How to speed up your broadband internet | WIFI

Check the speed

Find out what speed you get with a computer connected to your router via an ethernet cable. Many routers and other devices come with one, or cost around £5 separately.

You may also need a USB ethernet adapter (about £10) if your computer doesn’t have a port built in.

If you can’t connect via ethernet, use a recent wifi phone, laptop, or tablet as close to your router as possible and with a clear line of sight.

Speedtest.net from Ookla and Netflix’s Fast.com are two reliable speed test services.

Some of the more advanced routers have speed test services built into them as well. They can usually be accessed via your browser’s router settings pages or a companion app, if they have one.

Connecting your device to the router with an Ethernet cable can improve speeds. Photo: Tetra Images / Getty Images / Tetra Images RF

If your broadband is slow on your router, it may be time to switch providers. Some fixed-line ISPs offer speeds over 200Mbps in certain areas, while 4G/5G home broadband is an alternative.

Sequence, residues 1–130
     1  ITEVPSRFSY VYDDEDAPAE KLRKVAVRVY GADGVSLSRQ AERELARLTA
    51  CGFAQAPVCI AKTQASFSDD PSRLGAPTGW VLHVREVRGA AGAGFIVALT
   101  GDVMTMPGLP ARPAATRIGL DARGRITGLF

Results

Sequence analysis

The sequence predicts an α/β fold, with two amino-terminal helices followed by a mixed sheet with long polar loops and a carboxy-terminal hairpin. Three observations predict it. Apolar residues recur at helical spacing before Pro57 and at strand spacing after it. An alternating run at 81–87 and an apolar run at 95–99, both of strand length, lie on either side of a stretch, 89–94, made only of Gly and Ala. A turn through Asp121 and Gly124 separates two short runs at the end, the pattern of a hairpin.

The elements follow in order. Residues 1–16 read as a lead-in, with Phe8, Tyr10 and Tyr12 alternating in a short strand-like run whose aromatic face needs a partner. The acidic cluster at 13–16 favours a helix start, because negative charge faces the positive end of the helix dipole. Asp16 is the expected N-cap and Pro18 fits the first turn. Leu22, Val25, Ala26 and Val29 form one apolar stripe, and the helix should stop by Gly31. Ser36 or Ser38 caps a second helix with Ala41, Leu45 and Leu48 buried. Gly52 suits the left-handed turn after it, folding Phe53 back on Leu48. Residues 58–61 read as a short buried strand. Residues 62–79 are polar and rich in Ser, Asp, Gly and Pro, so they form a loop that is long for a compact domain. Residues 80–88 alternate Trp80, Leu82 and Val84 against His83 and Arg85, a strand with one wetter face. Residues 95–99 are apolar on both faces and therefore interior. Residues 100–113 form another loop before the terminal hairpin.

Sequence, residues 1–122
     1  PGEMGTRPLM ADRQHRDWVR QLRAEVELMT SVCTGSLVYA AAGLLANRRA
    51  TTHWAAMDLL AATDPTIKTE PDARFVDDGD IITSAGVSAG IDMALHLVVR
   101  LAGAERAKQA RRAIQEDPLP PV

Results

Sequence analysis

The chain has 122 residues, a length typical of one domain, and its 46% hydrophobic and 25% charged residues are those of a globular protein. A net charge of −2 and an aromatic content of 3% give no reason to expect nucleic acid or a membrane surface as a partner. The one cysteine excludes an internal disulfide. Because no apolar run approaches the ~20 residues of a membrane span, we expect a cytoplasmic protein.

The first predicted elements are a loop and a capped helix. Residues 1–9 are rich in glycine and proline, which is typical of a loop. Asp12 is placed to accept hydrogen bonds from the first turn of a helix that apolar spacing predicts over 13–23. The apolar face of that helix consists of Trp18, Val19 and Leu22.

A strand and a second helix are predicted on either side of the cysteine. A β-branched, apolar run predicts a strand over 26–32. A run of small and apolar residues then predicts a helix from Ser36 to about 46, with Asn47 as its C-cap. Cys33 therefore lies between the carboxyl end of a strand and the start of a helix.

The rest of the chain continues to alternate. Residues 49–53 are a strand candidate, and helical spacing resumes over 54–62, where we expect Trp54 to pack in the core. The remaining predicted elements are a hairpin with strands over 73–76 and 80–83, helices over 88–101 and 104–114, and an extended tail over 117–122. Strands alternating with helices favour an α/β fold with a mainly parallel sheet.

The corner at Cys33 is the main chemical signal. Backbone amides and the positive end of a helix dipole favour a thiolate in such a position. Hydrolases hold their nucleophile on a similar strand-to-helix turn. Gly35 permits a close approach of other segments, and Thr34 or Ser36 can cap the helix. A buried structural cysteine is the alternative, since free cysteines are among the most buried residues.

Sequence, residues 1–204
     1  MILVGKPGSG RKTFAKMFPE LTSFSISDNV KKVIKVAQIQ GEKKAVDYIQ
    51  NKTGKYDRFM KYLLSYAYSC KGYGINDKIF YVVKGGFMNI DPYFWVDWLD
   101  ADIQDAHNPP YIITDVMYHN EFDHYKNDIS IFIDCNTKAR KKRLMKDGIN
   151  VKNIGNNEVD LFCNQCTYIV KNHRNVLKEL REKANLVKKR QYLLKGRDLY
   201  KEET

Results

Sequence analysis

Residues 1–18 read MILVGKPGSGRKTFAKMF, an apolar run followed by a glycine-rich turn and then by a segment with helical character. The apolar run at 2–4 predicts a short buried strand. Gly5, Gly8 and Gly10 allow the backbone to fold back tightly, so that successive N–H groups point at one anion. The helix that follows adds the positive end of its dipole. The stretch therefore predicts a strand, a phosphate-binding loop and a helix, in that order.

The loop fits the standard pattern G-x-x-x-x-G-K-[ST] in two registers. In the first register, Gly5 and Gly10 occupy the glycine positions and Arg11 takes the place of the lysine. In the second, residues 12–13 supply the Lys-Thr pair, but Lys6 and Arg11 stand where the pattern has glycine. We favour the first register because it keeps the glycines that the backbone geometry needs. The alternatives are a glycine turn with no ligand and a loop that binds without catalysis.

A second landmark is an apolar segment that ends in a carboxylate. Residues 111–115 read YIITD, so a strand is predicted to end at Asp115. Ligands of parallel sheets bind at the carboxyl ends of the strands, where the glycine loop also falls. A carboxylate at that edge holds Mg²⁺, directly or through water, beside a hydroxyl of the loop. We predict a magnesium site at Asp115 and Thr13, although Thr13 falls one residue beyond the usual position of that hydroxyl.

If you don’t come close to the speed your ISP advertises, you may be able to get a discount, or switch to a plan with higher speeds.

Calculate what you need

When it comes to broadband, the faster the better, especially with so many people and devices using the internet simultaneously. However, the minimum speed needed for most online activities is rather slow.

Video calling services, such as Zoom, typically require upload and download of up to 4Mbps.

Online gaming services like Xbox Live need at least 3Mbps and 0.5Mbps, while game streaming services need at least 10Mbps.

Video streams, such as Netflix, need at least 5Mbps for HD or 25Mbps for 4K content.

Average UK broadband speeds are down by 50.4 Mbps and 9.8 Mbps, according to data from Ofcom in March 2021. This means the majority of connections should be able to handle the most popular services.

But keep in mind that with more than one device or person using your connection simultaneously, including updates and downloads when idle, slower broadband packages can quickly throttle.

Change the position of your router